Self Directed IRAs

To buy DCF Income Payments with qualified funds, a self-directed IRA is required. We have worked with many SDIRA custodians, however, we only recommend GoldStar Trust. They offer the best service, the lowest price, and the fastest execution, and thus there is no reason to look elsewhere.

Download “GoldStar Trust IRA Documents” Shown In This Video


  • Open the Gold Star IRA Account– Complete and sign the application and pay account opening fee
    • Account establishment fee of $65 annual/$25 opening can be paid by credit card.
    • Input “DCF Exchange” on Page 8, as the Broker Dealer company name.  This authorizes us to communicate with Gold Star regarding your DCF Income Payment purchase, but does not grant any investment direction permissions.  You may also specify additional advisors on this form also.
  • Fund the Gold Star IRA- Page 5, IRA Transfer, or page 6, Rollover Certification
    • Depending on the current custodian and the investments held, the transfer may take 2 days or 4 weeks.
    • Typically, we wait until the DCF Income Payment is court-approved, then initiate the transfer of funds to Gold Star.
  • Buy the DCF Income Payment-
    • The DCF Income Payment closing book will be emailed via Docusign with a Direction of Investment form included and ready for purchaser signature.
    • Once the DOI is signed, Gold Star signs the Absolute Assignment and the Servicing Agreement as custodian, and funds the purchase of the DCF Income Payment.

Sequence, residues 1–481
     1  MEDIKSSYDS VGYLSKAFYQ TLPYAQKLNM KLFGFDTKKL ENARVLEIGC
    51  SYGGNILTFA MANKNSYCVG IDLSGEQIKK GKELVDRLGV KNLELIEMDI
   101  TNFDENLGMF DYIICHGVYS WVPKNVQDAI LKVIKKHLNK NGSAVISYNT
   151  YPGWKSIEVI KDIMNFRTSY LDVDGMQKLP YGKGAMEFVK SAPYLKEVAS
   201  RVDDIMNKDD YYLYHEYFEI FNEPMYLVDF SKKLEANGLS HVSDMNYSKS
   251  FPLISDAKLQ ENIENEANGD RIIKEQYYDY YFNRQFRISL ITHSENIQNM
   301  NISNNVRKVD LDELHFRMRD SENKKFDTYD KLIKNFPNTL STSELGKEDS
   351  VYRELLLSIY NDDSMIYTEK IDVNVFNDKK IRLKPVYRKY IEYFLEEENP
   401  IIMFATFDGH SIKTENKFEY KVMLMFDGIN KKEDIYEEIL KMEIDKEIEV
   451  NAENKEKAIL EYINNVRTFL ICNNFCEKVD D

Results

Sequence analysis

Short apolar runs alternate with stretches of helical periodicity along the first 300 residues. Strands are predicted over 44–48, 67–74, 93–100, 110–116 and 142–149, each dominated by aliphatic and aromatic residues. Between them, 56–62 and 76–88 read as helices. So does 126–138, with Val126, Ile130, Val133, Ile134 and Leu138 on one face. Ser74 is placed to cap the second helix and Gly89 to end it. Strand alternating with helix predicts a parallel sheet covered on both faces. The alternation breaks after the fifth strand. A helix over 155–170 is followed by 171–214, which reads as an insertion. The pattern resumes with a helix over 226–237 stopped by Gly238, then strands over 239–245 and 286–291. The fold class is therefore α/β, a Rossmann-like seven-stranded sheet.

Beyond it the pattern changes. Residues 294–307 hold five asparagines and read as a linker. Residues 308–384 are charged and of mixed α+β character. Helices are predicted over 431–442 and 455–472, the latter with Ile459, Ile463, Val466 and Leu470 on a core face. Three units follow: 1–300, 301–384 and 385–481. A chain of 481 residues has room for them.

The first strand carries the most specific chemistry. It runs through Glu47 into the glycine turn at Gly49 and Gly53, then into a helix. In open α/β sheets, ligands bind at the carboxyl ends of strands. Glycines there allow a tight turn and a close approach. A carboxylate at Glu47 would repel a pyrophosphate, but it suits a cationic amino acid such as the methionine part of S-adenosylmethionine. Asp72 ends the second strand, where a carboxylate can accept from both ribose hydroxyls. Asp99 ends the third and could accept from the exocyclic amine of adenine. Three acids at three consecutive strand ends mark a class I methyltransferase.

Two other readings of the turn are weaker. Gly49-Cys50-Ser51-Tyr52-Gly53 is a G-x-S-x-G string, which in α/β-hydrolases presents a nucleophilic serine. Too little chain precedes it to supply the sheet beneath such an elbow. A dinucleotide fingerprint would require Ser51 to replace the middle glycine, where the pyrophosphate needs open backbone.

• Closed/Funded/Complete.

There are many self directed IRA custodians, but only a few are familiar with DCF Income Payments, also known in the market as secondary market annuities.

We prefer Gold Star Trust Company above all others.  Gold Star is the trust-only branch of a  mid-sized Texas based bank and has a specialized niche in the DCF Income Payment business.  Gold Star offers fantastic customer service and the lowest prices of any self directed IRA custodian, and is our preferred SDIRA partner.

To be fair, there are two other custodians we can work with for customers who already have accounts, namely IRAServices and Provident Trust Group.  Both understand DCF Income Payments and Secondary Market Annuities and are easy to work with, but Gold Star is a superior value and quality of service.

If you plan to use an IRA, you’ll need to open the account first.  You do NOT need to fund your IRA to open the account, but as it sometimes takes time to open, and then again takes time to transfer money, we prefer to have IRA buyers open their accounts prior to reserving deals to prevent delays.

Depending on the custodian, there may be fees for adding multiple DCF Payments to your IRA, but there are generally no fees for receiving funds from the insurance company into your IRA.

Now, depending on what you direct your custodian to do with your IRA funds in terms of distributions, you may incur fees, as outlined in their fee schedule.  That’s not something we control and is at your discretion.

Our preferred custodian, Gold Star, charges no additional fees to add multiple DCF Income Payment, and their distribution costs are minimal.